As our sense of American identity has evolved, the labels on our syrup, long a symbol of American authenticity, have not always kept up
The market for maple syrup offers an odd inversion. The thin, pale fluid labeled Fancy or Grade A Light Amber commands the highest prices. It is the white bread of condiments, an inoffensive accompaniment to more flavorful fare. The robust, thick syrup marked Grade B fairly bursts with maple flavor, but sells at a significant discount. So why does the nominally inferior grade offer decidedly superior flavor? The answer lies in the history of maple syrup, a product that has long served as a symbol of American authenticity. As our sense of American identity has evolved, our syrup labels have not always kept pace.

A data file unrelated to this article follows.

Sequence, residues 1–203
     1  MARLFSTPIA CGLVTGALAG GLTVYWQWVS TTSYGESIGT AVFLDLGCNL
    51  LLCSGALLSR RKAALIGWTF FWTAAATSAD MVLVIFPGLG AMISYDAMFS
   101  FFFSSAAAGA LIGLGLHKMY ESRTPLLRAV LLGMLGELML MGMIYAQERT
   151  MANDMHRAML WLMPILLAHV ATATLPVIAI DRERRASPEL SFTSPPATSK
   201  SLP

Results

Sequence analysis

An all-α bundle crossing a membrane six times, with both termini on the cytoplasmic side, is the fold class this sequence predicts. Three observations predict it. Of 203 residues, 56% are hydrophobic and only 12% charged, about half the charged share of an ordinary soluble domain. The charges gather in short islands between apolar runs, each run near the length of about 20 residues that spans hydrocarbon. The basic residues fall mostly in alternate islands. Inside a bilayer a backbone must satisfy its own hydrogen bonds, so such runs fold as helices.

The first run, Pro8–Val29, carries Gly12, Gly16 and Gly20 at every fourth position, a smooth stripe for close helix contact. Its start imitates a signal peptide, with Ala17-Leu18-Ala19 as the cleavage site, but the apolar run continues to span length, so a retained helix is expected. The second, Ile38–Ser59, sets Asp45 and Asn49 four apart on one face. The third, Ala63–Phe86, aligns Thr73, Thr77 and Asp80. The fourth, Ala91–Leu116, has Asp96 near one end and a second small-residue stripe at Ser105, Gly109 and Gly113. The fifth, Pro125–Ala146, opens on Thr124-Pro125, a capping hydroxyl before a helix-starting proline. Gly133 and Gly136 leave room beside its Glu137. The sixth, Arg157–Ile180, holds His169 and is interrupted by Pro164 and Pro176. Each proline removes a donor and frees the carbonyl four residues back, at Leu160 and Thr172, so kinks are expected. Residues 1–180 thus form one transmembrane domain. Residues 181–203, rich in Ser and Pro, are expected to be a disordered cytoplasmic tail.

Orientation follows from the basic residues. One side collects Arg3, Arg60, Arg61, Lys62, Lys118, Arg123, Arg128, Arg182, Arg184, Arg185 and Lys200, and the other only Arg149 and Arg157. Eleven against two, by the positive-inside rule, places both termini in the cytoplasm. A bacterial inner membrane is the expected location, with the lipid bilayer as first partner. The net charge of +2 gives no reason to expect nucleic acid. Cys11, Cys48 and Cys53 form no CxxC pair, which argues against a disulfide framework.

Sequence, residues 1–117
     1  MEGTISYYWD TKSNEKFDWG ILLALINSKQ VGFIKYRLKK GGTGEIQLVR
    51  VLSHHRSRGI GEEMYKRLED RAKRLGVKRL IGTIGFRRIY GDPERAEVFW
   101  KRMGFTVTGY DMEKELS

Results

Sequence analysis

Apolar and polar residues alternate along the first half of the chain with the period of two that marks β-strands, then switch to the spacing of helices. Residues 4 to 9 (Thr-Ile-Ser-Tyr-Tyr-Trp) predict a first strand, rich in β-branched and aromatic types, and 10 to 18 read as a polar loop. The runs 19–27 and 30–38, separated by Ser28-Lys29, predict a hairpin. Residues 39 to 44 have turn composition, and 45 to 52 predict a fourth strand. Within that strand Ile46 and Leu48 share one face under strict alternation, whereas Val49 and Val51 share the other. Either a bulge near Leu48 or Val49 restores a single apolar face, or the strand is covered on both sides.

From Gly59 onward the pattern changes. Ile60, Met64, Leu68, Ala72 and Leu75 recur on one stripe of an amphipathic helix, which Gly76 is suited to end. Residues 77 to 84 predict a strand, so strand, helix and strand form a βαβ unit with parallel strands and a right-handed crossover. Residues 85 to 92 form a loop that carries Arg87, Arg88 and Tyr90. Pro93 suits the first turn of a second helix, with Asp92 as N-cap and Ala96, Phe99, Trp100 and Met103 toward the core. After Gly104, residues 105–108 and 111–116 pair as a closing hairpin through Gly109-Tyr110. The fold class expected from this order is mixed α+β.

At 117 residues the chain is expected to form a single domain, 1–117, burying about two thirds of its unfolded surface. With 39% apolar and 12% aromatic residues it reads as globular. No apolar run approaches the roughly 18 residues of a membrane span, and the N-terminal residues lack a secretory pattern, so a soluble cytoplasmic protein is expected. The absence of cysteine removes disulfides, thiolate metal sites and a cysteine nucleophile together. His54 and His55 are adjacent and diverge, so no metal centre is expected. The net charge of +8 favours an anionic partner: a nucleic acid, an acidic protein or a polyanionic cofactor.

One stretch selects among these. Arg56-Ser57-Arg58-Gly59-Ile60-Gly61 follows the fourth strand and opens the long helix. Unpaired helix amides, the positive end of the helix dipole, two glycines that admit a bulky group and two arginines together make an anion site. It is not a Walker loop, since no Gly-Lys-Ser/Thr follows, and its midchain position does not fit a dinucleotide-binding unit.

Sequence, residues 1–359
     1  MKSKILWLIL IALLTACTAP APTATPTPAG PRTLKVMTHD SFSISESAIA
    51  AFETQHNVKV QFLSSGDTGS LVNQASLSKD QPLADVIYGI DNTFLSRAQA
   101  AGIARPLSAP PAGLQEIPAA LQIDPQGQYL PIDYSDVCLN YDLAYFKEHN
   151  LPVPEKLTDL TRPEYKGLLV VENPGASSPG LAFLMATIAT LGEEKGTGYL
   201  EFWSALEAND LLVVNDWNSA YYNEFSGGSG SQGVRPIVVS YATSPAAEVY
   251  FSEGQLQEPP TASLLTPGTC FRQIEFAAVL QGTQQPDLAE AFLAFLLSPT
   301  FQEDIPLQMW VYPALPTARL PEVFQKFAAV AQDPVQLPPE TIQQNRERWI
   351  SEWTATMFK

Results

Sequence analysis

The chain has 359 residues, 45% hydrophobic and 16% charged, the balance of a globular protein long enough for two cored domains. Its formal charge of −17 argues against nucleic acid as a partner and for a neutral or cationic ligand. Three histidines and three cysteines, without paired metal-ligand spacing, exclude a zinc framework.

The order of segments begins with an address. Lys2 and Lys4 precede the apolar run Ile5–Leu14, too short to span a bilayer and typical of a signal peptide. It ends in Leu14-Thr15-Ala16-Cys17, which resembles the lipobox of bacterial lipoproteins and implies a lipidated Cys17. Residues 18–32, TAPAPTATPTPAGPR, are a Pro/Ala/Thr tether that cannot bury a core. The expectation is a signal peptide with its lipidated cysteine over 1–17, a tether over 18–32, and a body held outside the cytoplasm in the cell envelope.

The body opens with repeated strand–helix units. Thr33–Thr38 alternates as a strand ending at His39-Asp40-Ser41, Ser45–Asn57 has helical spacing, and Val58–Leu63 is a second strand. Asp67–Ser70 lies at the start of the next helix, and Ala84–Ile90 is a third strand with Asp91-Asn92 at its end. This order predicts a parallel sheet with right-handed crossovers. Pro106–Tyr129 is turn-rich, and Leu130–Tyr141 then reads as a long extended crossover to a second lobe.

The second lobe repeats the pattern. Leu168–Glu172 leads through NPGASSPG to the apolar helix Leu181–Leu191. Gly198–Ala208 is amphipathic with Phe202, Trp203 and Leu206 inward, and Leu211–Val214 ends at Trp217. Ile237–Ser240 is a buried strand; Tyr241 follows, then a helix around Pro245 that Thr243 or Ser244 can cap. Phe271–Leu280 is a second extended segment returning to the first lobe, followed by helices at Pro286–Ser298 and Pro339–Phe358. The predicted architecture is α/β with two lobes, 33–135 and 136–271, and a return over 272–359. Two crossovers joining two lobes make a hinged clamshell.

Shelves filled with syrup cut with glucose, sorghum, or corn; some purveyors added decoctions of maple wood, hickory, or even of corn cobs.
Early European settlers learned the art of sugaring from the native peoples of North America, who first tapped the maple trees, boiling their sap down to make a sweetener. The sap that runs at the beginning of the season, with the spring thaw, is sweet and clear. Twenty or thirty gallons, boiled down, will yield a gallon of light amber syrup. As the season extends, the sap thins out and grows watery. More of it must be boiled down to yield a syrup of equal sweetness. The last of the sap may yield only a sixtieth of its weight in syrup. Concentrating the sugar also concentrates all the other substances in the sap, making late-season syrup also darker, thicker, and more flavorful.